Can You Be Proactive in Networking?

Matt| July 30, 2015| News

We all know we should network through social media, but simply setting up a LinkedIn profile or Twitter account, and posting regularly, isn’t enough. You need to be proactive.

Being proactive doesn’t mean treating every interaction like a door-to-door salesperson from the 1950s. The proactive networker sees their actions as part of a two-way relationship, in which the person or company they are contacting also receives some kind of benefit from the interaction.

Simply put, proactive networking means being friendly and engaging. It means reconnecting with familiar faces and reaching out to people you actually want to be a part of your own personal network. It’s like hosting a great party that you feel everyone should be a part of and enjoy.

Reach Out to Old Friends, Colleagues and Co-Workers

Start off your more proactive approach to networking by reconnecting with old college roommates, co-workers and classmates. Reaching out to these people is easy, because you’re probably already connected to them on social media, and you have a history together.

Exchanging private messages over social media can be a great way to reconnect with old acquaintances. Take a ‘soft sell’ approach, and simply let them know what you’ve been up to – personally and professionally. Reconnecting with these people over Facebook also means that the social network’s algorithm is more likely to put your future posts in these folks’ News Feed.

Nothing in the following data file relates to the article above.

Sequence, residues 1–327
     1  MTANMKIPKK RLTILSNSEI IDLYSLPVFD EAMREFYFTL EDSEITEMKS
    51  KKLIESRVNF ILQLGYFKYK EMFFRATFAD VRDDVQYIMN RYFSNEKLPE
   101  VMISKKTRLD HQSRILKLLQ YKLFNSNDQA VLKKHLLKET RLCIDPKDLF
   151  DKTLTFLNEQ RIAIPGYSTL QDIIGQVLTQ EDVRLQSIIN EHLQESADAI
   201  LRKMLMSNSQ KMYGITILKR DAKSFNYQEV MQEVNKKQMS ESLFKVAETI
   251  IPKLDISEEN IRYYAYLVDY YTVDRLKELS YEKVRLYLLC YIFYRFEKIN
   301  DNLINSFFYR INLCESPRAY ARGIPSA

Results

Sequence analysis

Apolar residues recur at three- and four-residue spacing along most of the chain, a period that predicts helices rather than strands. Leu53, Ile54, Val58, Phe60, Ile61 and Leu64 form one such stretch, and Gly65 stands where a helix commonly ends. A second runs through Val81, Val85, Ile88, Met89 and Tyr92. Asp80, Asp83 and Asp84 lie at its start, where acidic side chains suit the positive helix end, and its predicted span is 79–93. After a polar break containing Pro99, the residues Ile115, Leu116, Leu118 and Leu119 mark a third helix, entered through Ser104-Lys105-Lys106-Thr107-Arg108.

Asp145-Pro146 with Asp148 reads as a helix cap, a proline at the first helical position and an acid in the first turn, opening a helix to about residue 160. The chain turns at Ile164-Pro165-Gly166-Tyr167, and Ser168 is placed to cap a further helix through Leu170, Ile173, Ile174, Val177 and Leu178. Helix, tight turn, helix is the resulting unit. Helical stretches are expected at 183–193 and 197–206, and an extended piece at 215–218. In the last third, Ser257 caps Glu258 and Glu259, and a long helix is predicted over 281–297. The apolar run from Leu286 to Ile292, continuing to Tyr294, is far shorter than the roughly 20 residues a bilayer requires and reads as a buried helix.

Join Industry Groups, Attend Their Events and Interact!

Once you’ve gotten some networking momentum going, join a group or association connected with your industry. These groups often have events specifically for networking which allows you to be more direct in your networking interactions.

For gregarious people, these networking events can be a breeze. But for those who can be a bit on the introverted side, they can be a real challenge. Writing last year for Inc., Jeff Haden suggested one simple technique for socializing in a group of strangers – find another person who may be feeling a bit socially awkward, and try to get them to feel more comfortable. In doing them a favor by engaging them, you’re forgetting your own reluctance to be social.

Start an IRL Social Group

If you’re really feeling confident about engaging others, start a social group that brings people together. It’s a great way to be proactive about networking, without overtly doing so. From a book club to a softball team, a social group can be anything that gets people together on a regular basis. And the genius part of it is: It doesn’t feel like networking. People in these groups have a way of finding out what each other does for a living. Before you know it you’ve expanded your network.

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